Art
December 22, 2021

Billionaire’s Row Art Advisor: Sarah Stein Sapir’s Top Art Basel Picks

 
A home is not complete without art. That holds true when you’re trying to sell a home, too. It’s the final touch of an already well-furnished abode. Many don’t have the eye for art. That’s where my dear friend, Sarah Stein-Sapir, comes in. To me she is part of the empowering women I have met and created the strongest of bonds with at Tracy Anderson. To the world, she is the Art Advisor to Billionaire’s Row.
 
Having curated the art for the highest selling building in Manhattan, Central Park Tower, Sarah is your trusted advisor. This TriBeCa local’s Instagram is my latest addiction. It’s my go-to resource for all things art. She shares not only artists but expresses the value of each piece in such a sophisticated way, truly showcasing her expertise in the field.
 
So whether you are thinking of expanding your art collection or broadening your art wisdom, who better to share her top picks from Art Basel 2021, than our very own Sarah Stein Sapir.
 
 
Simone Leigh, Untitled, 2021 Gallery: Matthew Marks, New York
 
Last year it was announced that artist Simone Leigh would make history as the first Black woman ever to represent the United States at the Venice Biennale in 2022. At the core of her work is black female subjectivity, giving voice and recognition to Black women whose traditions and stories have been left out of history. Leigh is inspired by a range of cultural and historical references from African sculptural traditions to objects and Americana from the Jim Crow era. The women in her sculptures are mysterious, missing features, concealing their thoughts as a means of both self-preservation and an allusion to their untold stories. Untitled, 2021 is a beautiful example of one of her portrait busts, sculpted in clay and glazed to achieve its radiant, textured surface, the rosettes speaking to the repetitive work done by the hands of countless women.
 
 
Flora Yukhnovich, Study, 2021 Gallery: Victoria Miro, London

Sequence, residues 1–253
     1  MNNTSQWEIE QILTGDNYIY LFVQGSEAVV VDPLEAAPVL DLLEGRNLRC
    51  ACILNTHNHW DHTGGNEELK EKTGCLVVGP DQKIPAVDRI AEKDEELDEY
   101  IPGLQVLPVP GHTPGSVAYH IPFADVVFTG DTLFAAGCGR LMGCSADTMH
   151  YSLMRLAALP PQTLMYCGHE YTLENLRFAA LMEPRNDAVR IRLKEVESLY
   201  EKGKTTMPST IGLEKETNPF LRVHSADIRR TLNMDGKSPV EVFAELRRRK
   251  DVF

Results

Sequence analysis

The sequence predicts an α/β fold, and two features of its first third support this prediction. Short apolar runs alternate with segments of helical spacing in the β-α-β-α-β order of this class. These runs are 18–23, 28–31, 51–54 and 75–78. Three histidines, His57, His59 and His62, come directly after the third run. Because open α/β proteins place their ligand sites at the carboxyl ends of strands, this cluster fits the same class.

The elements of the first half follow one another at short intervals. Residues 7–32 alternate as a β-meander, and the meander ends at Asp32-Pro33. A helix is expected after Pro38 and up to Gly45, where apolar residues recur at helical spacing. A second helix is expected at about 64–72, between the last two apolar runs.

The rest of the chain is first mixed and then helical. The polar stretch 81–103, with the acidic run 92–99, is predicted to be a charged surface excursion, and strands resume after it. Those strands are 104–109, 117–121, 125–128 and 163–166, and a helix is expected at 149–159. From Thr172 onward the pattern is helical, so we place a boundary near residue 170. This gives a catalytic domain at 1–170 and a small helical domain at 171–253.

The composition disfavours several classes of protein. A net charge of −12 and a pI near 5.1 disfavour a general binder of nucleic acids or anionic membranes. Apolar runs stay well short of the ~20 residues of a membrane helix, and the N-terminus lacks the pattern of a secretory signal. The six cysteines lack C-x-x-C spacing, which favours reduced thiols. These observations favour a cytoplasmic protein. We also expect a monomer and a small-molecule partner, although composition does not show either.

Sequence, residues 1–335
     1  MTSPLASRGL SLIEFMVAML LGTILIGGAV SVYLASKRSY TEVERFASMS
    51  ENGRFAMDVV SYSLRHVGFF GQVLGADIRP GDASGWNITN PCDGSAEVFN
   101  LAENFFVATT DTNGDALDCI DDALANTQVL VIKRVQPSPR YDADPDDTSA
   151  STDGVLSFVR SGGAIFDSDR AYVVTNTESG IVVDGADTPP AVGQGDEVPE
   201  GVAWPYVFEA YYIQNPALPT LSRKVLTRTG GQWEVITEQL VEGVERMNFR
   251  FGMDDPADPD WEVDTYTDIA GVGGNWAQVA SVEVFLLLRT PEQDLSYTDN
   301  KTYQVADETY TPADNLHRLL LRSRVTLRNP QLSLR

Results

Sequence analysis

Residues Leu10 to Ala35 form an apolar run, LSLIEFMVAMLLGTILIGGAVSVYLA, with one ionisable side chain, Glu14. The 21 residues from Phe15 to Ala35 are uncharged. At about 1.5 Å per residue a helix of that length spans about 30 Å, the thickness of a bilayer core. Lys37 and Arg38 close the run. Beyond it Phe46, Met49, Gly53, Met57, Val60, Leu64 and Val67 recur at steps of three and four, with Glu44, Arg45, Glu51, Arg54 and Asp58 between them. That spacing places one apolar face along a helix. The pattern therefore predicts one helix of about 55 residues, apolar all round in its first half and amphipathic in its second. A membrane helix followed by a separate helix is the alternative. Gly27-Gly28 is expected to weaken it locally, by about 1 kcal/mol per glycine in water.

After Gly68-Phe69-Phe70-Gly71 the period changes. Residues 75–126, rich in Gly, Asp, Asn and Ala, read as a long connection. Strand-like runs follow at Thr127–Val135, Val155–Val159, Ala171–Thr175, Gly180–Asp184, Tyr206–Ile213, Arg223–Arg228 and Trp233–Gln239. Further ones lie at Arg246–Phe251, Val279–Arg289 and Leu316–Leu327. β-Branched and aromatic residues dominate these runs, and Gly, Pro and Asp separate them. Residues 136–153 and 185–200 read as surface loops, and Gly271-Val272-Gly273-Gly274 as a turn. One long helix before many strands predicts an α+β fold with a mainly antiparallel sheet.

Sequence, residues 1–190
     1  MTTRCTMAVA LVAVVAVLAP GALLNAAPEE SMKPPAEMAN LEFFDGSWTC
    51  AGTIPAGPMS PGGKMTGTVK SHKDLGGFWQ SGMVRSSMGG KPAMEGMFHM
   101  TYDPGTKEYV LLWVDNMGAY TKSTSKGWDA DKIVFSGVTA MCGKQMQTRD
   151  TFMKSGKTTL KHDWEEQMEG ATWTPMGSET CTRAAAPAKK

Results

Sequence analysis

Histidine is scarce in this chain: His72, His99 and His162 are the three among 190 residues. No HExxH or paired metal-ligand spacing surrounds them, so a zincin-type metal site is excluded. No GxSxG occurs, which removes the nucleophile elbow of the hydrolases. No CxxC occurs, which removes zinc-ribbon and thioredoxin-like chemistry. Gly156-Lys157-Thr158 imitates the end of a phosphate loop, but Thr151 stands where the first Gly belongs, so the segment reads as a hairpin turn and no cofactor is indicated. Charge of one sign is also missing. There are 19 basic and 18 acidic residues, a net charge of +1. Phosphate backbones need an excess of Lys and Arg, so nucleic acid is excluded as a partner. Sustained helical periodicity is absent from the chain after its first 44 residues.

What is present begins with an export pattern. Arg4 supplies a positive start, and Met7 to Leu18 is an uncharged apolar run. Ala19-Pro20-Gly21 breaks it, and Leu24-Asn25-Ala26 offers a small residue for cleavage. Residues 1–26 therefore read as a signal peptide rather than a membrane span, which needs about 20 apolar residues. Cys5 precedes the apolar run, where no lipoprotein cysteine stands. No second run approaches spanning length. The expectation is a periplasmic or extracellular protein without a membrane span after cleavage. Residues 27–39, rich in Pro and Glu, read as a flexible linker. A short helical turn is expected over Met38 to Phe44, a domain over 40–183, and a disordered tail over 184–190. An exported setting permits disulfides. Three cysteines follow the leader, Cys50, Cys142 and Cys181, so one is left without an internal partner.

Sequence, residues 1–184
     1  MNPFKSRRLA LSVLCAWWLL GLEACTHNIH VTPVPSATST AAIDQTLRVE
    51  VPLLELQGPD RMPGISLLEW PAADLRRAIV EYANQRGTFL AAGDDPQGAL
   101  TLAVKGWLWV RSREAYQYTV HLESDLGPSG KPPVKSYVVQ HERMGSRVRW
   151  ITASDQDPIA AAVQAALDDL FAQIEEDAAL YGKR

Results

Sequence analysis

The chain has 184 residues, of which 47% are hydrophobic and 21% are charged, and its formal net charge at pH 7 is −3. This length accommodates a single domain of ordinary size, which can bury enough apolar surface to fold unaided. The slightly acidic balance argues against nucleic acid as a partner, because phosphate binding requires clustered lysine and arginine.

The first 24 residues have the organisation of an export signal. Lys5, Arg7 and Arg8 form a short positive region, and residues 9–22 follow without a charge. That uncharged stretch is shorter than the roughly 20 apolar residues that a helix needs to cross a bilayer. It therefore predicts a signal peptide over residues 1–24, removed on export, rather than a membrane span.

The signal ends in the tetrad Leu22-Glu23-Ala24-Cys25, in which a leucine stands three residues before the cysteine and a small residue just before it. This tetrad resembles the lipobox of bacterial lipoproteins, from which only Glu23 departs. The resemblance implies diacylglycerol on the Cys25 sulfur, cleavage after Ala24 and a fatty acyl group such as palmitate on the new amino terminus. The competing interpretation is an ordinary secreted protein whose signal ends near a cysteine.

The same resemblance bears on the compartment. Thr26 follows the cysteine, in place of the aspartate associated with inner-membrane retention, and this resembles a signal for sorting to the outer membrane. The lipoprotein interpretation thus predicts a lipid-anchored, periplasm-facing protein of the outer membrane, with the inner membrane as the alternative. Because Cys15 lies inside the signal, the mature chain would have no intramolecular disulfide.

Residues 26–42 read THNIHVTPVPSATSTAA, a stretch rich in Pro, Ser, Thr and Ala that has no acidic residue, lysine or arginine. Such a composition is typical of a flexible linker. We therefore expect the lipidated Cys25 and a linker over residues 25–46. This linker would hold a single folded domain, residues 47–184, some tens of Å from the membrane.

London based artist Flora Yukhnovich is known for paintings that fluctuate between figuration and abstraction, using Rococo language through a filter of popular culture. Her new paintings and works on paper refer to various depictions of the Roman goddess Venus, each work synthesizing a host of shifting representations. Her gestures range from delicate to dramatic, creating works that are rhythmically sensual and seductive. Last October, she achieved a record price at auction and tripled her previous record from only 4 months before. This small study is more accessible scale and price than the large paintings for which the market has a huge appetite.
 
 
Manoucher Yektai, Untitled, 1987 Gallery: Karma, New York
 
Manoucher Yektai was a Persian-American artist of the New York School. His painterly impasto still life, portrait and colorfield works are intensely expressive and lyrical. Yektai worked on his paintings from the floor, a feature that contributed to their dynamism and sense of artistic freedom. Recognized as a founding member of the New York School of Abstract Expressionism, Yektai’s practice was shaped by interactions with contemporaries such as de Kooning, Pollock, Kline and Rothko. At the same time, he was influenced by his studies in Paris and the textures of Cezanne, Vuillard, and Bonnard. His work can be found in major institutions including MoMA and the Hirshhorn.
 
Richard Prince, Untitled (Cowboy), 1999 Gallery: Skarstedt



Rashid Johnson, Bruise Painting “Ask Me Now”, 2021 Gallery: Hauser & Wirth

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